Automotive Electrician Current demand for Automotive Electricians is not high mainly due to the fact that the Light and Heavy Vehicle Mechanics carry out a large portion of the duties in this occupation, but demand will increase with the onset of the mining and resource sectors employing dedicated Automotive Electricians within the next twelve-month period. This occupation will fall into a skills shortage situation and will be in high demand, but it will not be an Industry Critical Occupation. Automotive Panel Beater The current demand for Automotive Panel Beaters is high and businesses report a lack of skilled tradespersons within this sector. RTOs report a lack of candidates for apprenticeships and traineeships within this sector and this situation will worsen due mainly as a result of natural attrition occurring and the lack of replacement staff currently under training contracts. Automotive Spray Painters The current demand for Automotive Spray Painters is high and employers report difficulties in employing skilled tradespersons within this sector. RTOs also report declining class numbers for training and if this situation is left unattended it will create an Industry Critical Occupation. Vehicle Body Builder The current demand for Vehicle Body Builders is steady, but the skill sets used by Vehicle Body Builders make these occupations attractive to the “Engineering Fabrication Sector” within the mining and resource industry, thus creating a skills shortage within regional and CBD businesses within the next twelve-month period and beyond. Vehicle Trimmers This sector of the Automotive Industry is very small in comparison to other sectors. Vehicle Trimmers may cross over and utilise their skills for upholstery work in the Furniture Industry. The demand for Vehicle Trimmers will remain relatively small in this discrete part of the industry. Automotive Technician-Outdoor Power Equipment This sector of the Automotive Industry is small in comparison to other sectors, however, it is vital in maintaining crucial machinery and plant that is required both in the domestic market and in many industrial sectors, especially civil and building construction. A steady demand currently exists for trade skills in this sector. The EATC believes this will increase to a high demand category within the next twelve months.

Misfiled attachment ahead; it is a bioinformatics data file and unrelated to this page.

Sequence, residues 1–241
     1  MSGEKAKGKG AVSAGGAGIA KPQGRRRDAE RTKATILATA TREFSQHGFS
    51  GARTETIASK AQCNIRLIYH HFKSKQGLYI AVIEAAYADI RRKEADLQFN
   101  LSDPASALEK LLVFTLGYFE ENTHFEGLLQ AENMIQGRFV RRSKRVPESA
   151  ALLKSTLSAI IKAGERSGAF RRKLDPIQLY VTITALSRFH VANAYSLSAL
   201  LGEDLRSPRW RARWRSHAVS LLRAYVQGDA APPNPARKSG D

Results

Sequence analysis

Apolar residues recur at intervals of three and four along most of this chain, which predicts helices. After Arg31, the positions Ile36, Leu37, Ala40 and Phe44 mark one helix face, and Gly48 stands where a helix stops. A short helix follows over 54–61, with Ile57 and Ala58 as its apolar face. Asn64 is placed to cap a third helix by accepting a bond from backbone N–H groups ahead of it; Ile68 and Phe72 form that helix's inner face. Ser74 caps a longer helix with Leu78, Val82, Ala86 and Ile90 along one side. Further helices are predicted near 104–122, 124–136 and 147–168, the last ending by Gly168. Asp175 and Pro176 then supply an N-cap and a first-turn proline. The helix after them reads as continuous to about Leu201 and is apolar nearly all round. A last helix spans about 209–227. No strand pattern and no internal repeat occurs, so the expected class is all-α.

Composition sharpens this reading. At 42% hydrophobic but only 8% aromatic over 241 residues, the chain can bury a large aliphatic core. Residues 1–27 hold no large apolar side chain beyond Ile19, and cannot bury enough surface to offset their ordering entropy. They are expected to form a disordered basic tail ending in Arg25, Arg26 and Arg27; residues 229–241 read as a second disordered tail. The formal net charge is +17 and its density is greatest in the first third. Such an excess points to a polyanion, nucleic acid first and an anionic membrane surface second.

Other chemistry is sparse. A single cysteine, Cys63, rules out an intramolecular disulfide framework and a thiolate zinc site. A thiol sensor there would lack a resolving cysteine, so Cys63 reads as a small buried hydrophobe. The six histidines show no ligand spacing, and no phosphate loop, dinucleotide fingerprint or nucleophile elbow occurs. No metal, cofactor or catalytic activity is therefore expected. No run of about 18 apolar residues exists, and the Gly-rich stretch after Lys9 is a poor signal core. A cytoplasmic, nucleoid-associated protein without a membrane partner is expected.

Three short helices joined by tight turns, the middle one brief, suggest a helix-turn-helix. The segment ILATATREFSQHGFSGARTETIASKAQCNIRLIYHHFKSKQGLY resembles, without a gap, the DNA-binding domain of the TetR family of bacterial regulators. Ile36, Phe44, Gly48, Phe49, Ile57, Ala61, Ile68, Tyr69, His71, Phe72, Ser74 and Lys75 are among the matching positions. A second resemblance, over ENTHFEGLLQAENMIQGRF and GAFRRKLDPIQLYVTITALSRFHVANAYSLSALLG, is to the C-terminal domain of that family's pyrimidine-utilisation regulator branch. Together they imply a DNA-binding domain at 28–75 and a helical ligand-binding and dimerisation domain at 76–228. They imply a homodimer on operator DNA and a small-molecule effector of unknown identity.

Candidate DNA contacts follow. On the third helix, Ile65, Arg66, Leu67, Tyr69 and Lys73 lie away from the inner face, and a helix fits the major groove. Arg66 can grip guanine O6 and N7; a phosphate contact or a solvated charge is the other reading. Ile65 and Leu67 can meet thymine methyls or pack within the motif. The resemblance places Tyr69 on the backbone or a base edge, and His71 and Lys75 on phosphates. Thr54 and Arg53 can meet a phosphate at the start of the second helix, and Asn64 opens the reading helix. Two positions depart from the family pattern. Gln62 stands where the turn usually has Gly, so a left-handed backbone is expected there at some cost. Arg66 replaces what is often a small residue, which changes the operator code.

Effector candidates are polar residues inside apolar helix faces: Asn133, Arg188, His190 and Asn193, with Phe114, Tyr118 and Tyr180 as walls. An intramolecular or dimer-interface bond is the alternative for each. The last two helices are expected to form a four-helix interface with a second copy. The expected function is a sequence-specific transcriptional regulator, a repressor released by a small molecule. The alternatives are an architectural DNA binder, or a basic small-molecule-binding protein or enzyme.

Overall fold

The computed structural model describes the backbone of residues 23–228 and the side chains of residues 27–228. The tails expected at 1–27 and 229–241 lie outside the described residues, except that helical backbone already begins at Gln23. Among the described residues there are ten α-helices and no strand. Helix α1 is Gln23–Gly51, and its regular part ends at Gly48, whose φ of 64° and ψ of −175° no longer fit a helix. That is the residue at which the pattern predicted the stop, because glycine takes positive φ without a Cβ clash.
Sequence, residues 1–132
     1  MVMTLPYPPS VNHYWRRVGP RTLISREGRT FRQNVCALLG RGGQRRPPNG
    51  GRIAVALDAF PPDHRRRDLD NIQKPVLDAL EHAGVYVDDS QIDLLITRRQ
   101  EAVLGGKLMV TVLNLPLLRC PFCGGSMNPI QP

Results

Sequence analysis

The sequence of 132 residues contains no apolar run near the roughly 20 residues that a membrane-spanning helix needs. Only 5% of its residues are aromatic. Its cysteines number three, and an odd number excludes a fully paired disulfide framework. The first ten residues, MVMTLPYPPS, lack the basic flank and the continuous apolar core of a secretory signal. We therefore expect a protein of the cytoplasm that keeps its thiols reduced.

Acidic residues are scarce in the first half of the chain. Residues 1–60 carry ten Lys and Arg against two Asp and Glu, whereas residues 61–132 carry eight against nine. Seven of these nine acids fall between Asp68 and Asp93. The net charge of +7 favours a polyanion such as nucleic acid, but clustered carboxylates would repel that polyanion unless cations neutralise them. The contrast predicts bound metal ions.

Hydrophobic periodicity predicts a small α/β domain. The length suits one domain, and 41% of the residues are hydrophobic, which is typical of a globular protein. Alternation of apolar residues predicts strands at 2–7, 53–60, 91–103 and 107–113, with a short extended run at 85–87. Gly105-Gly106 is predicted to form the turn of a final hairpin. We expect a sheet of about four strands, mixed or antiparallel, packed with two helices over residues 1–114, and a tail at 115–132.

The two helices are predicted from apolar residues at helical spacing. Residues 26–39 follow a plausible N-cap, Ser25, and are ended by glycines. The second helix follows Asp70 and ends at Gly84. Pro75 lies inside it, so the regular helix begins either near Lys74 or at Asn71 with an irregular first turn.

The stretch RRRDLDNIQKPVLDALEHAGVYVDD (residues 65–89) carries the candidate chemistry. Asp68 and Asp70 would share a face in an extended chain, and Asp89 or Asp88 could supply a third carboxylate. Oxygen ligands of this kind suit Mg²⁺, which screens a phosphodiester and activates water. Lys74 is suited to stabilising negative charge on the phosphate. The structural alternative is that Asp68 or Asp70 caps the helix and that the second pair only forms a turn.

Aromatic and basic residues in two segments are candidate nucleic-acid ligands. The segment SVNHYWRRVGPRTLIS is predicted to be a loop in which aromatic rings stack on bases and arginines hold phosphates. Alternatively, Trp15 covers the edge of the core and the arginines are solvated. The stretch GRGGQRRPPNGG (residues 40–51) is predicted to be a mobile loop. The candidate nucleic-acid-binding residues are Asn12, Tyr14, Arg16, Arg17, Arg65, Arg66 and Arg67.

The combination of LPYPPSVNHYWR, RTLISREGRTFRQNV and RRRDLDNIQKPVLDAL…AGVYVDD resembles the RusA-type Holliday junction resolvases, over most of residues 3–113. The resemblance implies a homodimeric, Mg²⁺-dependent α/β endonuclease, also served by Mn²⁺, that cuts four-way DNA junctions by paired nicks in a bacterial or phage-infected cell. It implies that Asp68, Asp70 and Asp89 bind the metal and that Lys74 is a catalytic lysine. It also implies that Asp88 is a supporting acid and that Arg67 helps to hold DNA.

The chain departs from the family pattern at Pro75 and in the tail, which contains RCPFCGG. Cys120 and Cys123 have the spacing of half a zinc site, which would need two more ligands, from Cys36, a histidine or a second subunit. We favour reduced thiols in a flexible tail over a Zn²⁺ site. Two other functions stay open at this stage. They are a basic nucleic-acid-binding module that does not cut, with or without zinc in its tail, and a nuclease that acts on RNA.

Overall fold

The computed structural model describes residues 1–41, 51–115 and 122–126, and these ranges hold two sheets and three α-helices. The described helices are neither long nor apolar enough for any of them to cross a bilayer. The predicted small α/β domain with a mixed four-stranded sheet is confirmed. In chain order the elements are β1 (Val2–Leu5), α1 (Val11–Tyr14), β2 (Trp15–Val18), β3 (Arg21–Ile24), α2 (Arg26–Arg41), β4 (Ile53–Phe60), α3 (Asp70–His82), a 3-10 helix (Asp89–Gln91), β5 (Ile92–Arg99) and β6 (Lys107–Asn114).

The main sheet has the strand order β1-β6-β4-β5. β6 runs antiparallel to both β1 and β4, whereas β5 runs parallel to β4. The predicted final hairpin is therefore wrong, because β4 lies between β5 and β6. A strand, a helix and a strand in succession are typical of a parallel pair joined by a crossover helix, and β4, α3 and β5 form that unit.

Automotive Technician – Marine The Marine sector has been experiencing significant growth within the Pleasure Craft Industry, with demand for technicians maintaining inboard and outboard motors rising dramatically. Industry training of apprentices is insufficient to cater for the demand from the public. This sector is currently experiencing steady demand for the skills of this trade.

ENGINEERING Engineering Occupations The Engineering Industry in Western Australia is predominantly male gender based and is involved in the manufacturing, installation, repair and maintenance of products. Engineering tradespersons are employed in a wide range of industries in assorted occupations that manufacture, install, repair and maintain plant equipment. Occupations within the Engineering Industry include: Engineers, Shipwrights, Boat and Ship builders, Welders, Fabricators (Heavy and Light), Mechanical Fitters, Machinists, Electricians, Draftpersons, Locksmiths and Jewellers. Certain sectors of the Engineering Industry are highly regulated, these include; Electricians, Aircraft Maintenance Engineers and workers in the industry using ozone depleting gases. Eighty-five percent (85%) of the Metals, Manufacturing and Engineering Industry is mainly comprised of small to medium businesses, having less than twenty employees, fifteen percent (15%) are businesses with more than fifty employees. Employment growth within the industry is predicted to expand in the near future due to the large number of anticipated resource projects in the expanding resources industry. Most of the occupations in this industry are “traditional trades” that have historically been fulltime based. The work patterns for the Engineering and Services Industries support full-time workers. Local press employment advertisements have shown a very high number of vacancies for Metal Fabricators, Welders, Electricians and Mechanical Fitters over the past year and there is no sign of abatement.

Major Issues There are very high wages being paid in the Mining and in the Engineering Construction Industry. Both industries are going from strength-to-strength but are encountering difficulty in attracting skilled workers. The upsurge in defence spending with government contracts across Australia to build a number of navy vessels is adding to the pressure on availability of skilled labour across the State.